Mrs Edgar read statements from witnesses including Liverpool managing director Ian Ayre who claimed he was confronted twice by Mr Sloan describing him as “going ballistic, gesticulating in his face and getting angrier and angrier.”

Mr Ayre said the chauffeur was complaining that he was not being shown enough respect, the tribunal heard. Mrs Edgar said the driver had to be physically restrained and removed from the premises after appearing to “lunge violently with his fists” – only to return later to continue his altercation with the club boss.

Asked whether he claiming there was “some sort of collusion” against him, Mr Sloan replied: “I am.”

He was suspended the following day. Liverpool FC denies any allegations of wrongdoing.

The tribunal continues.

Suggested Topics
PROMOTED VIDEO
Have you tried new the Independent Digital Edition apps?
Life and Style
Sainsbury's could roll the lorries out across its whole fleet if they are successful
tech
Arts and Entertainment
tv
Sport
Ojo Onaolapo celebrates winning the bronze medal
commonwealth games
Arts and Entertainment
Rock band Led Zeppelin in the early 1970s
musicLed Zeppelin to release alternative Stairway To Heaven after 43 years
Arts and Entertainment
High-flyer: Chris Pratt in 'Guardians of the Galaxy'
filmHe was homeless in Hawaii when he got his big break. Now the comic actor Chris Pratt is Hollywood's new favourite action star
Arts and Entertainment
'Old Fashioned' will be a different kind of love story to '50 Shades'
film
Life and Style
fashionHealth concerns and 'pornified' perceptions have made women more conscious at the beach
Arts and Entertainment
Tracey Emin's 'My Bed' is returning to the Tate more than 15 years after it first caused shockwaves at the gallery
artTracey Emin's bed returns to the Tate after record sale
Arts and Entertainment
Smart mover: Peter Bazalgette
filmHow live cinema screenings can boost arts audiences
Environment
Neil Young performing at Hyde Park, London, earlier this month
environment
News
i100
News
Prince Harry is clearing enjoying the Commonwealth Games judging by this photo
people(a real one this time)
Caption competition
Caption competition
Latest stories from i100
Have you tried new the Independent Digital Edition apps?

Bleacher Report

Daily Quiz
Independent Dating
and  

By clicking 'Search' you
are agreeing to our
Terms of Use.

Day In a Page

Save the tiger: The animals bred for bones on China’s tiger farms

The animals bred for bones on China’s tiger farms

The big cats kept in captivity to perform for paying audiences and then, when dead, their bodies used to fortify wine
A former custard factory, a Midlands bog and a Leeds cemetery all included in top 50 hidden spots in the UK

A former custard factory, a Midlands bog and a Leeds cemetery

Introducing the top 50 hidden spots in Britain
Ebola epidemic: Plagued by fear

Ebola epidemic: Plagued by fear

How a disease that has claimed fewer than 2,000 victims in its history has earned a place in the darkest corner of the public's imagination
Chris Pratt: From 'Parks and Recreation' to 'Guardians of the Galaxy'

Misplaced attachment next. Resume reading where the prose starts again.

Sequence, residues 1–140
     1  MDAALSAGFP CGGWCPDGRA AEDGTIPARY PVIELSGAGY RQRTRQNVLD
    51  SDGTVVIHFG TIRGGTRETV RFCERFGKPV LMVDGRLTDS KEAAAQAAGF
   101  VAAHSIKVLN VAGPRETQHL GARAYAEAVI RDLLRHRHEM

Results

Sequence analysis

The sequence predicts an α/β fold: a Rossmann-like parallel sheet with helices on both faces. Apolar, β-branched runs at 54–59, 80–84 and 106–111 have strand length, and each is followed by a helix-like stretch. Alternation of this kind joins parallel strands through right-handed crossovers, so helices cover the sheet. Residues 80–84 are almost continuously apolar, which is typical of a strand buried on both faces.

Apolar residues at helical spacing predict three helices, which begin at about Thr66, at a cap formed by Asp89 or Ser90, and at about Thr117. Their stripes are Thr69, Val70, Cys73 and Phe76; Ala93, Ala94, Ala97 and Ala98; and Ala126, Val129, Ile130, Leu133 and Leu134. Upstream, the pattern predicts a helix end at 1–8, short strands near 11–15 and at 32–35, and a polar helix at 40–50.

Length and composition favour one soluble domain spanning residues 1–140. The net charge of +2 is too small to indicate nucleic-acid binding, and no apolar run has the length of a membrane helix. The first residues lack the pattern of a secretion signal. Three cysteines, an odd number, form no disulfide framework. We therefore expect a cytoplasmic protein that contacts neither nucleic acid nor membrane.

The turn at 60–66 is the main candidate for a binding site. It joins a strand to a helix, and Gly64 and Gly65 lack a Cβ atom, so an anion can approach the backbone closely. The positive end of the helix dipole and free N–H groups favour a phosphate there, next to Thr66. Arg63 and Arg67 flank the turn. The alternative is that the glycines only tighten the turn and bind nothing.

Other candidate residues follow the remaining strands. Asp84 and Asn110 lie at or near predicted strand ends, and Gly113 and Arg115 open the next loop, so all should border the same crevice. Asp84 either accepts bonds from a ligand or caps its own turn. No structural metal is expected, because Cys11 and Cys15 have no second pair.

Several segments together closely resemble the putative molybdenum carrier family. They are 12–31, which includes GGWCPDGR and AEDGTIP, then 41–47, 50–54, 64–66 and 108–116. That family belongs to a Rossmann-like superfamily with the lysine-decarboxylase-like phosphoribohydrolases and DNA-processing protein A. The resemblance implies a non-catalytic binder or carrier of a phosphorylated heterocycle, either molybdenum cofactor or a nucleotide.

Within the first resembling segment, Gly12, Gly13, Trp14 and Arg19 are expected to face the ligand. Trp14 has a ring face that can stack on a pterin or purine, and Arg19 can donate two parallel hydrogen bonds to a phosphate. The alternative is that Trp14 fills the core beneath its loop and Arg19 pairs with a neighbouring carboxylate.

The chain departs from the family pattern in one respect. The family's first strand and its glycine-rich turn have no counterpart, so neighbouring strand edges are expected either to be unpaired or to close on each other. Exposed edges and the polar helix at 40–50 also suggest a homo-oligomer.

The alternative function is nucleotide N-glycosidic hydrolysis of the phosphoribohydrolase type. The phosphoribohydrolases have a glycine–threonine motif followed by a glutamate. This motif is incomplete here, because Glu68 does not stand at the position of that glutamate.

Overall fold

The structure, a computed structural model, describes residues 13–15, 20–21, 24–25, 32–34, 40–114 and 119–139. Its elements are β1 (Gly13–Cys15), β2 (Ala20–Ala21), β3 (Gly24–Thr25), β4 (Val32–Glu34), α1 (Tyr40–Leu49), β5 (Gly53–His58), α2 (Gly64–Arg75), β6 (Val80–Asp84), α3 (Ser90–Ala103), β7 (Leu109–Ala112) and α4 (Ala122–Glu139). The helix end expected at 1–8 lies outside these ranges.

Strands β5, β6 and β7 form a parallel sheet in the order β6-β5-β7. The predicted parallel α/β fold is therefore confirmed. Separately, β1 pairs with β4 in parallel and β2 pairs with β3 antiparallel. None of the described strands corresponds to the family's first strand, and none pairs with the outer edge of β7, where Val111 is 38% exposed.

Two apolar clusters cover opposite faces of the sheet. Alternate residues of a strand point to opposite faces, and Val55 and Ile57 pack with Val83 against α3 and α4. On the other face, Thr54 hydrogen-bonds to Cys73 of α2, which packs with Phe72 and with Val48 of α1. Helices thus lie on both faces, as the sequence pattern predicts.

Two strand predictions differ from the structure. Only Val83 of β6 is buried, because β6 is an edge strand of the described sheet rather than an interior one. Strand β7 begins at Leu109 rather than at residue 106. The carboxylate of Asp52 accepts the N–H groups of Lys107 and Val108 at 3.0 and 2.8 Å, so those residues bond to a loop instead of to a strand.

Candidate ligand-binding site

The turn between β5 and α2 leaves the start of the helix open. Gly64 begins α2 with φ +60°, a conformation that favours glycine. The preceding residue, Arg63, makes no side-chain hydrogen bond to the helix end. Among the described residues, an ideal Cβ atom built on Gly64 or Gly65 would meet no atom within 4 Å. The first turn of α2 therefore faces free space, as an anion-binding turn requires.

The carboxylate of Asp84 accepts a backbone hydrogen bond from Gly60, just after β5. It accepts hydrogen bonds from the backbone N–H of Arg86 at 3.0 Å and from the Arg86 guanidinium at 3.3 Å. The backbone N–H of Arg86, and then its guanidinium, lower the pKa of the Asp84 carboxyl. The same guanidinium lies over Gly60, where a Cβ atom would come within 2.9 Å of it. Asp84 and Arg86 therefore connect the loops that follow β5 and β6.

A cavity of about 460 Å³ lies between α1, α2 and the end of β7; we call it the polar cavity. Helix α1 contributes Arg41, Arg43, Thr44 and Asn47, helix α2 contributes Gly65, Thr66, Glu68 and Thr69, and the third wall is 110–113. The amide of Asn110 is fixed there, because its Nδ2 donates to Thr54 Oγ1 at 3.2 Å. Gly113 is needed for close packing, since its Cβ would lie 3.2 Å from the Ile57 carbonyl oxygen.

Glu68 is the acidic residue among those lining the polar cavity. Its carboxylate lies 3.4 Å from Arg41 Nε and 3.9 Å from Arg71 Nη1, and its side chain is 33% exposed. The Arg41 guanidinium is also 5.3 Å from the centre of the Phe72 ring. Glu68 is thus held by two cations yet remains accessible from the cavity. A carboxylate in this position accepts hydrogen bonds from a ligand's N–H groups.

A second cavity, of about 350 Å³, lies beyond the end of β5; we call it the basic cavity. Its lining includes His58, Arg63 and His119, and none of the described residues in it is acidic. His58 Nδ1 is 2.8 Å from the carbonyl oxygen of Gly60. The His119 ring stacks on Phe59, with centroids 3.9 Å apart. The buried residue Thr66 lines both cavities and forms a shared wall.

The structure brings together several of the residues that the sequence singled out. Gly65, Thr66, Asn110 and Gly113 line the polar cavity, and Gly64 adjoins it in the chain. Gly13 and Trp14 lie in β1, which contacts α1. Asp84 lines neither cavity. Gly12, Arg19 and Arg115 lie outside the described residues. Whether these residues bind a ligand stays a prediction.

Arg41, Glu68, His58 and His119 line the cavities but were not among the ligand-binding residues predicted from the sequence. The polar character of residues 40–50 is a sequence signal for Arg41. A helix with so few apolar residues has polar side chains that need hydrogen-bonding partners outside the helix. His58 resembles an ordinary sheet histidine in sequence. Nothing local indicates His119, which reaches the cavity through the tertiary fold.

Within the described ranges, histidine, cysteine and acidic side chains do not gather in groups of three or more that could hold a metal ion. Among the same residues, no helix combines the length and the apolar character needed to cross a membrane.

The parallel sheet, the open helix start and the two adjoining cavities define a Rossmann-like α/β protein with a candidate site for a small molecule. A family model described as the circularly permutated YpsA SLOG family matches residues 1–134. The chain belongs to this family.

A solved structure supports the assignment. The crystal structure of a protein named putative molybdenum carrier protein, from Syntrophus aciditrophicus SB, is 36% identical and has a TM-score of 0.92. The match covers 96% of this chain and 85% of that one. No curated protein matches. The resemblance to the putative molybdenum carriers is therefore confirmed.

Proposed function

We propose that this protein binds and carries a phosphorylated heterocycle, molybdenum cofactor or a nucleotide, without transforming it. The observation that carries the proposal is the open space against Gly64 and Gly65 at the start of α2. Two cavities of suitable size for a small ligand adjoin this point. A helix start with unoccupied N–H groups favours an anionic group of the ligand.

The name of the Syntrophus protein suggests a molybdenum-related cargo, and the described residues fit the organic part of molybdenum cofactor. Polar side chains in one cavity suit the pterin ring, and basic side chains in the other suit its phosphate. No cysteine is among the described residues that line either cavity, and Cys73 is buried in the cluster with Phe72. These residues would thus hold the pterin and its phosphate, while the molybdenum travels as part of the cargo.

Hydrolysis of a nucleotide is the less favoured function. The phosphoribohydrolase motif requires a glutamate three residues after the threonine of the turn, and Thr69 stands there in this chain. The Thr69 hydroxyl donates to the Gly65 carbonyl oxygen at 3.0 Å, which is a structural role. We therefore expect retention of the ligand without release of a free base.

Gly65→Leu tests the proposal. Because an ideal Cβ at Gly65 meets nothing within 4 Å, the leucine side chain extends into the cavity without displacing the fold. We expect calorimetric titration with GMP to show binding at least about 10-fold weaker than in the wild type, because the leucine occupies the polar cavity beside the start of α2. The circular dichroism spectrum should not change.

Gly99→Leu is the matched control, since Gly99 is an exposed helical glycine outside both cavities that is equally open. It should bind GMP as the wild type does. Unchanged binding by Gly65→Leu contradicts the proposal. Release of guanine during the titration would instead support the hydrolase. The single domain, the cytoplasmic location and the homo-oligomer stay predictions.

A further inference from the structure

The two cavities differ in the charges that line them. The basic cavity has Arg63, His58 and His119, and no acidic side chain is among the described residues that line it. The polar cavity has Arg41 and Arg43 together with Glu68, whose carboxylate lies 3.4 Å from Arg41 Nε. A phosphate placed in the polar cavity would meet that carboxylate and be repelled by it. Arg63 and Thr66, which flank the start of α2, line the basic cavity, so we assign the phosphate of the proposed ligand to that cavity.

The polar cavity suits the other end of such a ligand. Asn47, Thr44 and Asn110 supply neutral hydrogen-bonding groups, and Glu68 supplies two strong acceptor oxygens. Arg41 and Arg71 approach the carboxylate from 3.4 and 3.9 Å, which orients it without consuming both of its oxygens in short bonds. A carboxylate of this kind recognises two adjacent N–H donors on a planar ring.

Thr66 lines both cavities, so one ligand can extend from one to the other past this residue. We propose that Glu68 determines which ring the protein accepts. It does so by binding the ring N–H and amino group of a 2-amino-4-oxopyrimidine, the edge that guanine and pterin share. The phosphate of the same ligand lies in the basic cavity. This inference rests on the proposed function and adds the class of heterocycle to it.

From 'Parks and Recreation' to 'Guardians of the Galaxy'

He was homeless in Hawaii when he got his big break. Now the comic actor Chris Pratt is Hollywood's new favourite action star
How live cinema screenings can boost arts audiences

How live cinema screenings can boost arts audiences

Broadcasting plays and exhibitions to cinemas is a sure-fire box office smash
Shipping container hotels: Pop-up hotels filling a niche

Pop-up hotels filling a niche

Spending the night in a shipping container doesn't sound appealing, but these mobile crash pads are popping up at the summer's biggest events
Native American headdresses are not fashion accessories

Feather dust-up

A Canadian festival has banned Native American headwear. Haven't we been here before?
Boris Johnson's war on diesel

Boris Johnson's war on diesel

11m cars here run on diesel. It's seen as a greener alternative to unleaded petrol. So why is London's mayor on a crusade against the black pump?
5 best waterproof cameras

Splash and flash: 5 best waterproof cameras

Don't let water stop you taking snaps with one of these machines that will take you from the sand to meters deep
Louis van Gaal interview: Manchester United manager discusses tactics and rebuilding after the David Moyes era

Louis van Gaal interview

Manchester United manager discusses tactics and rebuilding after the David Moyes era
The children were playing in the street with toy guns. The air strikes were tragically real

The air strikes were tragically real

The children were playing in the street with toy guns
Boozy, ignorant, intolerant, but very polite – The British, as others see us

Britain as others see us

Boozy, ignorant, intolerant, but very polite
Countries that don’t survey their tigers risk losing them altogether

Countries that don’t survey their tigers risk losing them

Jonathon Porritt sounds the alarm
How did our legends really begin?

How did our legends really begin?

Applying the theory of evolution to the world's many mythologies
Watch out: Lambrusco is back on the menu

Lambrusco is back on the menu

Naff Seventies corner-shop staple is this year's Aperol Spritz